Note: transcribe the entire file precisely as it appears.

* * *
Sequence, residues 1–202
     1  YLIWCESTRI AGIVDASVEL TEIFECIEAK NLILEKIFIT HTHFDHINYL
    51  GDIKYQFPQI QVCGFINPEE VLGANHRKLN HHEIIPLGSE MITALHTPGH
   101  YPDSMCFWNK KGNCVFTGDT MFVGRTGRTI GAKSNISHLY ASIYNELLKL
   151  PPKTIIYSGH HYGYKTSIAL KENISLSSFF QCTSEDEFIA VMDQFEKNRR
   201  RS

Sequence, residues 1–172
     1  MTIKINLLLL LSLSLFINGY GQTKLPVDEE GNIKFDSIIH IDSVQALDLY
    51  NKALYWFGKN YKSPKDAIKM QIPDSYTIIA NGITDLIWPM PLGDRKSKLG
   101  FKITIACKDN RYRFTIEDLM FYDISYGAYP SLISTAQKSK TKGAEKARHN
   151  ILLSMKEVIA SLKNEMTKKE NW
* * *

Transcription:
Sequence, residues 1–202
     1  YLIWCESTRI AGIVDASVEL TEIFECIEAK NLILEKIFIT HTHFDHINYL
    51  GDIKYQFPQI QVCGFINPEE VLGANHRKLN HHEIIPLGSE MITALHTPGH
   101  YPDSMCFWNK KGNCVFTGDT MFVGRTGRTI GAKSNISHLY ASIYNELLKL
   151  PPKTIIYSGH HYGYKTSIAL KENISLSSFF QCTSEDEFIA VMDQFEKNRR
   201  RS

Sequence, residues 1–172
     1  MTIKINLLLL LSLSLFINGY GQTKLPVDEE GNIKFDSIIH IDSVQALDLY
    51  NKALYWFGKN YKSPKDAIKM QIPDSYTIIA NGITDLIWPM PLGDRKSKLG
   101  FKITIACKDN RYRFTIEDLM FYDISYGAYP SLISTAQKSK TKGAEKARHN
   151  ILLSMKEVIA SLKNEMTKKE NW